Development of Atmospheric Air-level Emission Vehicle Technology for Gasoline Engines 2009-01-1076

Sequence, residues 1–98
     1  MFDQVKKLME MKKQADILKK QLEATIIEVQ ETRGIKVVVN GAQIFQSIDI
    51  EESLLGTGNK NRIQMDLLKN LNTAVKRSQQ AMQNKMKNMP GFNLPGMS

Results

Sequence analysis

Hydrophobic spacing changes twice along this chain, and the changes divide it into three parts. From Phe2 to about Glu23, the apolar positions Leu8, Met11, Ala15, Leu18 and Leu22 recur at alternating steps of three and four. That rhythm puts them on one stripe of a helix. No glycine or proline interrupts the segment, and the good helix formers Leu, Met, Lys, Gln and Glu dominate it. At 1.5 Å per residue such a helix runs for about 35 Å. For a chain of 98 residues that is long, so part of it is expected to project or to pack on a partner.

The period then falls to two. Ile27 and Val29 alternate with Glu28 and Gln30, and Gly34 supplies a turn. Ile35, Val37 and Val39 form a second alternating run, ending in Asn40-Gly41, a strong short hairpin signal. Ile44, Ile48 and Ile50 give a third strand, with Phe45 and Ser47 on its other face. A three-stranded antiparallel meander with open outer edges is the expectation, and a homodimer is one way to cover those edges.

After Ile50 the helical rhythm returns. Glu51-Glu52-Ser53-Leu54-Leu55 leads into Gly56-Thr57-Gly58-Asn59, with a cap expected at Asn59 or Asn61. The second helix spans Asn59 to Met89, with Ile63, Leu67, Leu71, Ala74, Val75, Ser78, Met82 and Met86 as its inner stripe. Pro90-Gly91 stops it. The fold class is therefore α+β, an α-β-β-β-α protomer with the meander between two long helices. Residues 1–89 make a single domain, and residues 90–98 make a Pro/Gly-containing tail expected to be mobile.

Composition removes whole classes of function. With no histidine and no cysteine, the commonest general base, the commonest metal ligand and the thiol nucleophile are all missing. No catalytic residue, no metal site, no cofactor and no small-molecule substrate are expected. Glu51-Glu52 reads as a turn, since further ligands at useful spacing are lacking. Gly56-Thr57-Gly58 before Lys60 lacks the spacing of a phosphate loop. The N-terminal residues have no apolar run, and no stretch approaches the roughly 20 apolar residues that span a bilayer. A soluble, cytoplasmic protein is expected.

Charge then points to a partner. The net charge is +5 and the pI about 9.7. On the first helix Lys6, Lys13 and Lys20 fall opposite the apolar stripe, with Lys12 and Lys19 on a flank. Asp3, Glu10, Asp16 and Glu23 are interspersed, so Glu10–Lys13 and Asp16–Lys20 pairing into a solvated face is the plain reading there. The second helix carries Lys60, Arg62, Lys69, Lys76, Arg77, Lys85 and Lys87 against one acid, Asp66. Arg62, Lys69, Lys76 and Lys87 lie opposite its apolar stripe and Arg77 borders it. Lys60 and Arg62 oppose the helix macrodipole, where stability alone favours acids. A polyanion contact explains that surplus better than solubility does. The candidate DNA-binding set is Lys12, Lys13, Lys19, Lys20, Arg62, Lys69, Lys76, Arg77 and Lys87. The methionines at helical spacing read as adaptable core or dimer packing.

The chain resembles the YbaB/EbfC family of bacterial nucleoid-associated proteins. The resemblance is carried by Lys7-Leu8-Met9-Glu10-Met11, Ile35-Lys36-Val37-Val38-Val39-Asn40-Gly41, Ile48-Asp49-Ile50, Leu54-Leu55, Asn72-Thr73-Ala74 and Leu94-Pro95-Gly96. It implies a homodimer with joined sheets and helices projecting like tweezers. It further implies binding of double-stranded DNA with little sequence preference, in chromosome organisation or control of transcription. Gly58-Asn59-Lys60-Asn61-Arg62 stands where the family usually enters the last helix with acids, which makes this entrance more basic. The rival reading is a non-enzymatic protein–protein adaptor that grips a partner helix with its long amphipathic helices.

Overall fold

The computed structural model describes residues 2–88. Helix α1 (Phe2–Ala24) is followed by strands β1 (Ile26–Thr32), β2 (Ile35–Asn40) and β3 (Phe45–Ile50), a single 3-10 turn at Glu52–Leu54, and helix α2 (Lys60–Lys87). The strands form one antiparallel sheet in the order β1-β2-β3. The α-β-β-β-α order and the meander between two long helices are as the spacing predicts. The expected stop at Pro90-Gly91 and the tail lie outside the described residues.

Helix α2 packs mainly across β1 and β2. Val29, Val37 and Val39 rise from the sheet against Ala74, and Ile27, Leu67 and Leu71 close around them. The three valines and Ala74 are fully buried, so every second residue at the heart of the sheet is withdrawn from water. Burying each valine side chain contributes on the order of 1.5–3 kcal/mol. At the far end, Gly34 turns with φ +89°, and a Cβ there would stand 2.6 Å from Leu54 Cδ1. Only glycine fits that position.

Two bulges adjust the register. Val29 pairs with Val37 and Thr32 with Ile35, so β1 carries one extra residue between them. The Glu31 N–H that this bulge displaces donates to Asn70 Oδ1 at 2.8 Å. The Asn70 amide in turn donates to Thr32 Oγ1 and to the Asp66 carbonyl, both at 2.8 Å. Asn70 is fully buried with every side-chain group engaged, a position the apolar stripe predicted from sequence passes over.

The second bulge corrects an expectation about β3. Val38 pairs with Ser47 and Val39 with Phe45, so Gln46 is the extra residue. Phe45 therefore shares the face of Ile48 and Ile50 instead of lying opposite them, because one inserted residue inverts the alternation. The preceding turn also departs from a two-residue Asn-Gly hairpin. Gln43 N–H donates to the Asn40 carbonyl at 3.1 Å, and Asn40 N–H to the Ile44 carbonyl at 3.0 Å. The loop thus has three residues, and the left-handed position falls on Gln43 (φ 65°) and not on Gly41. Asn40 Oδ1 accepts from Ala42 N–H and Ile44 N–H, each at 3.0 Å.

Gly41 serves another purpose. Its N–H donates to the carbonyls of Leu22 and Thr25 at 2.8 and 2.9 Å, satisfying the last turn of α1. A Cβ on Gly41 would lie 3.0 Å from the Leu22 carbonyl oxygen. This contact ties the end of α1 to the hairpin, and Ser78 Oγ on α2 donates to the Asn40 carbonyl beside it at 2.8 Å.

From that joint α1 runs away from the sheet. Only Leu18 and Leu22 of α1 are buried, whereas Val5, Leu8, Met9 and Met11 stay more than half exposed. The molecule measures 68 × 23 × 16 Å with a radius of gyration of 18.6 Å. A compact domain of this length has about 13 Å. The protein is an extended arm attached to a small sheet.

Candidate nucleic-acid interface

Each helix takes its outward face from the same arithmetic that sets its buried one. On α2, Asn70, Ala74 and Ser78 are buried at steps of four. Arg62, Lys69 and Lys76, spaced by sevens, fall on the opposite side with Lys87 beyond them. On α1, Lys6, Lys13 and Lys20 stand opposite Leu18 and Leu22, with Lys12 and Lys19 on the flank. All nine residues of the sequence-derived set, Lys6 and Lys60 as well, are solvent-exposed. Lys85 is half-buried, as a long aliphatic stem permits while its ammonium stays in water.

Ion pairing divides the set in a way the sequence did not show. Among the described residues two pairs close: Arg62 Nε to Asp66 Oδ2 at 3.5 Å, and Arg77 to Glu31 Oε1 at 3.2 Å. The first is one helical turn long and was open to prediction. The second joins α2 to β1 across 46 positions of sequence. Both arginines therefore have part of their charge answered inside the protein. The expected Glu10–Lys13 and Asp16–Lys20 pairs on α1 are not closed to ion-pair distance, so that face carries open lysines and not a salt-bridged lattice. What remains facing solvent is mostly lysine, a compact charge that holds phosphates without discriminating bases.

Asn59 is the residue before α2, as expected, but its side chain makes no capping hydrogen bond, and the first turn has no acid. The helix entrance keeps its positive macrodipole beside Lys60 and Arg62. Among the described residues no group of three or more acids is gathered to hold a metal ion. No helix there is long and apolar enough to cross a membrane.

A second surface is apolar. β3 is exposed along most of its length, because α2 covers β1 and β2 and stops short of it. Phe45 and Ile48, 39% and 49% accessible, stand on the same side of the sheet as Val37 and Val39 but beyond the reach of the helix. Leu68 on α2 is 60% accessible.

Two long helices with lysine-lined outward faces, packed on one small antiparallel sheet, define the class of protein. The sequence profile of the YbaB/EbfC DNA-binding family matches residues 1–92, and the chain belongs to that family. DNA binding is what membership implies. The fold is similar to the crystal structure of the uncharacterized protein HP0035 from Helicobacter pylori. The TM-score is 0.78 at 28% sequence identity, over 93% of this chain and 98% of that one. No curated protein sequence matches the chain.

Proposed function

Exhaust emissions of a test gasoline engine were successfully reduced to 1/30 of the SULEV standards with the aim of minimizing the impact on the atmospheric environment. This reduction was achieved by reducing engine-out emissions from engine startup and by reconciling faster catalyst light-off with suppression of catalyst thermal degradation to avoid a decline in conversion efficiency. Specifically, a new intake gas flow control device and a low heat mass spark plug with high ignitability were developed for promoting post-oxidation of unburned HCs in the combustion chamber thus markedly reducing engine-out emissions, while ensuring acceptable drivability. The conflicting requirements for quicker catalyst light-off and avoidance of catalyst thermal degradation have been achieved at unprecedented levels by developing a new bypass-type exhaust manifold. Moreover, the adoption of an HC trap catalyst developed in-house at Nissan also contributed to the attainment of cleaner emissions at levels equal to 1/30 of the SULEV standards. The levels achieved are comparable to the atmospheric concentrations of the measured species in urban areas.